Millennials want money to leave home
The mystery known as Millennials can now be solved with two new research reports. Yes, we’ve been told that members of this cohort are idealistic, entrepreneurial and more interested in life-work balance than their Baby Boomer parents. And yet while that may have been true, it seems that some may be taking a different view as the realities of adulthood set in.
According to a new study by Toptal, a network of freelance software engineers and designers, what really drives recent grads is M-O-N-E-Y. In fact, 62 percent put salary as the number one factor when looking for a job out of school. That compares to:
- 46 percent desiring a flexible work schedule;
- 31 percent wanting to travel;
- 24 percent looking to quickly gain experience.
Perhaps the biggest reason Millennials value salary above other factors – analysis my own – is that so many live with their parents and wish they didn’t.
According to a new Pew Research Center report, the percentage of young adults living at home with their parents is at the highest level since such records have been kept. While it is widely proffered that the Great Recession exacerbated this situation, Pew’s study found it actually began in 2007 before the financial collapse.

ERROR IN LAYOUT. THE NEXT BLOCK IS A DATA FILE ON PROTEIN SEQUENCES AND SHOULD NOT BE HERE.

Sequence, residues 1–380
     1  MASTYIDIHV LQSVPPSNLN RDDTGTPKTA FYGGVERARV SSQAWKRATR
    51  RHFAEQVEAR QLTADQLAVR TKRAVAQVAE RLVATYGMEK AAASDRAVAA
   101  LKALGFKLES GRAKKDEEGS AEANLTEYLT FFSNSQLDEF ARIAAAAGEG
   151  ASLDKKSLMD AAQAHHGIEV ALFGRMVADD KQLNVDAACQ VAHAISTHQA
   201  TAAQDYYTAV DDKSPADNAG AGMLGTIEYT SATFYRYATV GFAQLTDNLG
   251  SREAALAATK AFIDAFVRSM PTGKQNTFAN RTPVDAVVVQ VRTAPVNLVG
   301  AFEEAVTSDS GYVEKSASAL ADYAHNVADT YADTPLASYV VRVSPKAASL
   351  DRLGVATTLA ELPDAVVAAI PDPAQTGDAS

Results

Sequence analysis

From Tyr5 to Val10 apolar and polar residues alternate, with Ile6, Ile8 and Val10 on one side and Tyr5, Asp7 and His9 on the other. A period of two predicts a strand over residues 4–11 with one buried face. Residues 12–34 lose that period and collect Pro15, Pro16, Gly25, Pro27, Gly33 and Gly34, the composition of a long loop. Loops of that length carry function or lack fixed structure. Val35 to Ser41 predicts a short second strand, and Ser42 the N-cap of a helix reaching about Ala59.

This common living arrangement has been brought about by a combination of high levels of debt from college loans along with a lack of available well-paying positions.
Jobs, a lack of the good kind, are at the heart of Millennials’ problems. In this regard, young males have found the going very tough. In 2014, 71 percent of males between 18 and 34 were employed. That compares to 84 percent of males in the same age group who had jobs in 1960, according to Pew.
- Toptal Survey: Recent Grads Care More About Money than Using their Degree—or Job Flexibility – Toptal
- For First Time in Modern Era, Living With Parents Edges Out Other Living Arrangements for 18- to 34-Year-Olds – Pew Research Center
DISCUSSION QUESTIONS: Should retailers be concerned about a class of consumers (Millennials) that may never climb, figuratively speaking, out of their parents’ basements? With so many opposed to government intervention, is it time for retail and other industries to find ways to assist Millennials in helping to lift themselves up?